Currently in the United States, there are approximately 10.2 million people with special healthcare needs (SHCN) under 19 years of age. Each year, 750,000 adolescents with SHNC cross into adulthood. Healthcare transition – the process of moving from pediatric medicine to adult-oriented medicine – is a necessary process for these youth.
The transition from pediatric to adult healthcare coincides with the transition to adulthood. During this stage of development, adolescents and young adults experience leaving high school, starting work, attending a vocational school or college, joining a branch of the military, living away from the parental home, setting up an independent home, dating and for some, finding a spouse or partner and eventually beginning a family. This stage also involves accepting more responsibilities for oneself, making independent decisions and becoming financially independent. For young adults without disabilities, it is a time of extraordinary changes, both for the young adult and their family.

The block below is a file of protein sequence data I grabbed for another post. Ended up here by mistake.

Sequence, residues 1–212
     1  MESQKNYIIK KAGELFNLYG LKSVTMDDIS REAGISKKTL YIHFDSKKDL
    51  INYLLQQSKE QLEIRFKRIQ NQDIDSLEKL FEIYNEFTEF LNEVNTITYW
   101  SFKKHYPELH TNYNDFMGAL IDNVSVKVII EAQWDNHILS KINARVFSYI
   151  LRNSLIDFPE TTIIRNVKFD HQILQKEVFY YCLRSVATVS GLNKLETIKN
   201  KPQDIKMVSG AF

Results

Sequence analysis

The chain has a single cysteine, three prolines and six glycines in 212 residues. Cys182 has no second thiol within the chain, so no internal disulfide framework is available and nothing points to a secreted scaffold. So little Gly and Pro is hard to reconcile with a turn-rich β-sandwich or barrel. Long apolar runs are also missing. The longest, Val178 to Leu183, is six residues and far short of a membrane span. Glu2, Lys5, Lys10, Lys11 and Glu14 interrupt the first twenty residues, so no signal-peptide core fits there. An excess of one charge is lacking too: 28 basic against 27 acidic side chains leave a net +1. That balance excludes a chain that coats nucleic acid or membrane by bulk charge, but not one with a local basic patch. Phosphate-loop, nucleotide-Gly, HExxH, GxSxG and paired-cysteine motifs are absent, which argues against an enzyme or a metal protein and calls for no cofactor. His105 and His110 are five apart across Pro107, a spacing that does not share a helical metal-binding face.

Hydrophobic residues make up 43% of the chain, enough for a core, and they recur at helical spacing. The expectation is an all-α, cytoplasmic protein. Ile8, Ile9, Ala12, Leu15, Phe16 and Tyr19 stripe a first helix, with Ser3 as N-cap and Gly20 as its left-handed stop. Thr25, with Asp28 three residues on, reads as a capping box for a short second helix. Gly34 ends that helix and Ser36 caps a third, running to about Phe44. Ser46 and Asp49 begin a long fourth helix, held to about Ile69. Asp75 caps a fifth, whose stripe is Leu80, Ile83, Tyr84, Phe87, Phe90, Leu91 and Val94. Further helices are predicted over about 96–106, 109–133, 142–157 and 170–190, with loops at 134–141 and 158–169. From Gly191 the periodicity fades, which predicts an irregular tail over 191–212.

Many young adults with disabilities and SHCN might not attend post-secondary education, live independently or have a spouse, partner or family of their own. Many young adults with disabilities are not able to make decisions without assistance or to become financially independent. Whatever degree of independence they do achieve, will require more planning, more support from their families and more involvement with social services systems. For their parents, it may be the first time they confront the need for long-term planning and lifelong supports.
ACHIEVA’s Disability Healthcare Initiative, with continued support of the FISA Foundation, wrote Transition from Pediatrics to Adult Medical Systems for Young Adults with Disabilities or Special Healthcare Needs, proposing a framework of solutions to help with healthcare transition.
Read the report: http://www.achieva.info/files/PDFs/4-14%20Transition%20from%20Pediatrics%20to%20Adult%20Medical%20Systems.pdf